by m. christine watson
here life once happened
now, plaster walls peel
no place for a ghost
abandoned house in hanover county, virginia
Giles B. Jackson (1853–1924)
by m. christine watson
Note: In celebration of Black History month, here’s a feature I wrote for Virginia Lawyers Weekly in 2011 on Giles B. Jackson, the first African-American to argue before the Virginia Supreme Court of Appeals (now the Supreme Court of Virginia). This subsequently made him the first black lawyer in Virginia.
Giles B. Jackson, sporting a wide-brimmed hat and pocket watch, poses for a glass-plate negative portrait by Richmond photographer Walter Washington Foster. Although born enslaved, Jackson became an attorney, entrepreneur, real-estate developer, newspaper publisher, and civil rights activist.
Photo Original: Walter Washington Foster
Created: Early twentieth century
Medium: Glass-plate negative
Courtesy of the Virginia Historical Society
For Giles B. Jackson, a man born into slavery in 1853, the future did not seem to hold much promise. Like most African-Americans of that time, Jackson seemed fated for a life of servitude. But the Civil War soon brought an end to that notion. Overcoming the odds laid against him, Jackson ultimately became an attorney, entrepreneur, real estate developer, newspaper publisher, and civil rights activist.
Jackson was born on a farm in Goochland County, Va. When the Civil War broke out he served as a body servant to his master, a Confederate cavalry colonel, Charles G. Dickerson. He also attended the horses and uniforms of Gen. Robert E. Lee. He was captured in Caroline County and went before General U.S. Grant, who released him back to Dickerson.
Upon his emancipation after the war, Jackson relocated to Richmond,Va. where he worked for the prominent Stewart family at Brook Hill Plantation in Northside. There he met his wife, Sarah Ellen Wallace, and learned to read and write.
Jackson worked many jobs to support his large family, which eventually grew to 14 children. In need of funds, he took a job doing menial work with William H. Beveridge, a Richmond lawyer. In Beveridge’s employ, he began to “read the law,” then a custom in Virginia and under Beveridge’s tutelage began to practice. On Nov. 30, 1887, Jackson became the first African-American attorney to be allowed to practice before the Virginia Supreme Court. Spurred on by Beveridge, Jackson became a successful attorney serving the black community in Richmond.
He became a spokesperson of sorts for this community and was contacted by Booker T. Washington and began to work with him in his efforts to abolish Jim Crow laws in Virginia. Washington selected Jackson as his aide-de-camp in 1900 when Washington organized the Negro Business League in Boston. Jackson served as a vice president during the organization’s first three years.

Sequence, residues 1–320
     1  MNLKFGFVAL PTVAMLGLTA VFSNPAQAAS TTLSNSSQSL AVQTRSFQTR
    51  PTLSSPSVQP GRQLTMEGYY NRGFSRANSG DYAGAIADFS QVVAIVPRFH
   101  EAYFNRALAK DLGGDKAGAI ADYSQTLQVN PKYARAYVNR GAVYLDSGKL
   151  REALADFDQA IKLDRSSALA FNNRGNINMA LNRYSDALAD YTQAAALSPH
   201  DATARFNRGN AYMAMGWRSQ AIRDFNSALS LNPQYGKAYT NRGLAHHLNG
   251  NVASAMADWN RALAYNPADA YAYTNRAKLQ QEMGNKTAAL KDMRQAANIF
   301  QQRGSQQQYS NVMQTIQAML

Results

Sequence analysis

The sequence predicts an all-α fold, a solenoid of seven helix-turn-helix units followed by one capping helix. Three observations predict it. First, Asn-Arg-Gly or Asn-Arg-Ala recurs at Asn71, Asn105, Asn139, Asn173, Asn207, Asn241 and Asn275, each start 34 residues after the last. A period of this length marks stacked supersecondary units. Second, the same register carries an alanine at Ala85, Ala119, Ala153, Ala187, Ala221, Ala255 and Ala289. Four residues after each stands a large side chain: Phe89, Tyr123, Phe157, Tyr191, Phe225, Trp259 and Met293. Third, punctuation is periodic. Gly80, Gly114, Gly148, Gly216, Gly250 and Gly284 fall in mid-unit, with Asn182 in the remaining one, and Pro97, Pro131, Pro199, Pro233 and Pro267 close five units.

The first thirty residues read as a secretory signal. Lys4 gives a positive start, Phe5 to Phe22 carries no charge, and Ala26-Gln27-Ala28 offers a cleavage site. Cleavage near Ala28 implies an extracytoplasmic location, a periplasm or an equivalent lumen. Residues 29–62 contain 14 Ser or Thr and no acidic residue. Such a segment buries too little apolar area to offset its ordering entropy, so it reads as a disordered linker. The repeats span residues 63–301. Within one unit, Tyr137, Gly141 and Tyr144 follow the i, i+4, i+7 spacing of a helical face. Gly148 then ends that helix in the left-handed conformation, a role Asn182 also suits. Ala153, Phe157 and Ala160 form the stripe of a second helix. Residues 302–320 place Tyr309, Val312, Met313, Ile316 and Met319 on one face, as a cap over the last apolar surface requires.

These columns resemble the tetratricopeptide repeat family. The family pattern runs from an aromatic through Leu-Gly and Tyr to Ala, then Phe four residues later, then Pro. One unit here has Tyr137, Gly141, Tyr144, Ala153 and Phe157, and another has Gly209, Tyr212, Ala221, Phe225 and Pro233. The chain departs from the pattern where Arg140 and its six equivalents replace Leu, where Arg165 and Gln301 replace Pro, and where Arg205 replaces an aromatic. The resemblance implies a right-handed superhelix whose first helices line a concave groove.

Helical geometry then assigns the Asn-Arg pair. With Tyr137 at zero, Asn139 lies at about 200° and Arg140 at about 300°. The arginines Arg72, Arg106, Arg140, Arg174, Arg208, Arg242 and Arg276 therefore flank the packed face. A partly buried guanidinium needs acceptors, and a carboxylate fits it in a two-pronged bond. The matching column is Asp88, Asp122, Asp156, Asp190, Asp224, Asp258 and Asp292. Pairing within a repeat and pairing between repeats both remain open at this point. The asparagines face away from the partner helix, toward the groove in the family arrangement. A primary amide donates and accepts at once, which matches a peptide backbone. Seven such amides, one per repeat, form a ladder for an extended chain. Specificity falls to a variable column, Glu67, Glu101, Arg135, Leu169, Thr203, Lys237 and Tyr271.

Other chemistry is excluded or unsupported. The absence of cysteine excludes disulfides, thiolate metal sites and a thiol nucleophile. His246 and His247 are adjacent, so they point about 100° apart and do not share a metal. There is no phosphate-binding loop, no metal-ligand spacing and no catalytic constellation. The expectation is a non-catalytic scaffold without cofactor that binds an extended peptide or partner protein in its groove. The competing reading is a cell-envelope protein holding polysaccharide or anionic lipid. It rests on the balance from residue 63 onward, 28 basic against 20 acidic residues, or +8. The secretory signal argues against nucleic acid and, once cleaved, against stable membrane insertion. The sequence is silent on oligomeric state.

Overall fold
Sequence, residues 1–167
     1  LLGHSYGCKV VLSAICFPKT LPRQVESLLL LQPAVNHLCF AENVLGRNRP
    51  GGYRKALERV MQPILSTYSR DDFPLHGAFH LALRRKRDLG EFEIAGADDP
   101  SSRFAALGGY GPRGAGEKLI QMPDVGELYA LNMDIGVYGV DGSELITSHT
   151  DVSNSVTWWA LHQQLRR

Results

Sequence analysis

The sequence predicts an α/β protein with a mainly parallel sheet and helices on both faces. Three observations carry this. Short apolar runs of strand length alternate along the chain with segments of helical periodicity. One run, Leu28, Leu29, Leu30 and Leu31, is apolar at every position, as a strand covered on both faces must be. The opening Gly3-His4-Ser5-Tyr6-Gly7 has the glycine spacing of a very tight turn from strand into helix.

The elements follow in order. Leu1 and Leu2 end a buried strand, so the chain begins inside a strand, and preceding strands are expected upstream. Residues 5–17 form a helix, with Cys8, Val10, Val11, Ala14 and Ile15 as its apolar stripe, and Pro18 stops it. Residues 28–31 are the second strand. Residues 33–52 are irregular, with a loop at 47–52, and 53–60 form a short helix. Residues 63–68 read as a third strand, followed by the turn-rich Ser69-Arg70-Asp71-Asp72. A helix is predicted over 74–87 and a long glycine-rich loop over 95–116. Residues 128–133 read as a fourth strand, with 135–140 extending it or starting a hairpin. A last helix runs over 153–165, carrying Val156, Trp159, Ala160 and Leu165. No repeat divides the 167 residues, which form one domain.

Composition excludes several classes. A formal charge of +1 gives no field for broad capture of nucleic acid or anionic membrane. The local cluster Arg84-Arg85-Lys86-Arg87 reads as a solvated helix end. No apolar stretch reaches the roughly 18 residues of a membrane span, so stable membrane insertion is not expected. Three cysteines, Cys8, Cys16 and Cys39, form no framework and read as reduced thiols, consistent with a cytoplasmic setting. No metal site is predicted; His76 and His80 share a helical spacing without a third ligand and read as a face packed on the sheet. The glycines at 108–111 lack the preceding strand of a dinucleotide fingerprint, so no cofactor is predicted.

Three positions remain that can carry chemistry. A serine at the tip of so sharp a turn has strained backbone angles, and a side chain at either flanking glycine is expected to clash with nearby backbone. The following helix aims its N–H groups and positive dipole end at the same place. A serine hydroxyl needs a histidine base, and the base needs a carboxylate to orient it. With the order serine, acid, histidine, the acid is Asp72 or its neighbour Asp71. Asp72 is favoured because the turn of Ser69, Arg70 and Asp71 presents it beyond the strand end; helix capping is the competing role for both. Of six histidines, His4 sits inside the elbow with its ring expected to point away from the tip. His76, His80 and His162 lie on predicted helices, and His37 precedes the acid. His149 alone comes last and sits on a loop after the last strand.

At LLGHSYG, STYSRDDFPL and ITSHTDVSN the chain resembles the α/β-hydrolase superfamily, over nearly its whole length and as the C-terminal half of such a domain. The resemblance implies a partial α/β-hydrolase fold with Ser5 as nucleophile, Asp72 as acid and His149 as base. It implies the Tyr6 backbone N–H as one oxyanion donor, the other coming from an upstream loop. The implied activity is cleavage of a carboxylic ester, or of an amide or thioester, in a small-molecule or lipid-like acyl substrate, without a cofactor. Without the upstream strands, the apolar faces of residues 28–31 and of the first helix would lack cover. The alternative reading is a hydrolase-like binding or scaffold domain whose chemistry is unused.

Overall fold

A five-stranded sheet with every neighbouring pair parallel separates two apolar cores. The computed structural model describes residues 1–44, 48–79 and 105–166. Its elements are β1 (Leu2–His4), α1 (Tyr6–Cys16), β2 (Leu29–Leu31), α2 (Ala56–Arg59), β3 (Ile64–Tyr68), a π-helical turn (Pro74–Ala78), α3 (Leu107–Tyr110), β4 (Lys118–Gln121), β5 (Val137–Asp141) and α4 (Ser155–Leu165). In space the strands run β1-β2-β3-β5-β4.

In 1901 when the General Assembly resolved to commemorate the Tercentennial of Jamestown, Jackson promoted an idea of a separate Negro Exhibit to run concurrent with the Jamestown Exhibition of 1907. The Exhibition was a huge success, drawing the attention of President Theodore Roosevelt, who attended the exhibit and lauded Jackson’s efforts.
Inspired by the successful exhibit, Jackson and D. Webster Davis, a prominent black educator and poet, wrote a book called, “The Industrial History of the Negro Race of the United States,” detailing the 1907 Negro Exhibit efforts and devoting chapters to business, the arts, and inventors. The book was later used as a school text in Virginia, West Virginia and North Carolina.
Lawyer Giles B. Jackson and Educator-Author D. Webster Davis photographed together in 1911, both rose from slavery to successful lives of public service.
Jackson devoted much of his life to advancing the African-American community by founding business league chapters, helping to establish fraternal orders, writing articles of incorporation and publishing a newspaper, the “Negro Criterion,” to promote the Negro Exhibit and black business.
During World War I Jackson was appointed chief of the Negro Division of the U.S. Employment Service in Washington, D.C. When his commission ended, he returned to Richmond, where he spent the last years of his life dedicated to lobbying Congress to create a Negro Industrial Commission. He requested support from governors, religious and political organizations, senators and representatives urging them to endorse his bill that would improve interracial labor troubles and promote better working conditions for blacks. Although his bill was unsuccessful, his efforts were not in vain.
Well-respected in both the black and white community, Jackson, according to his biographers, personally knew or met every president from Grant to Coolidge. President McKinley made him an honorary colonel so he could command a regiment of black cavalry at the McKinley inauguration and Roosevelt, his successor, renewed the commission.
Bone-in Frenched pork chop with haricots verts and smashed potatoes.
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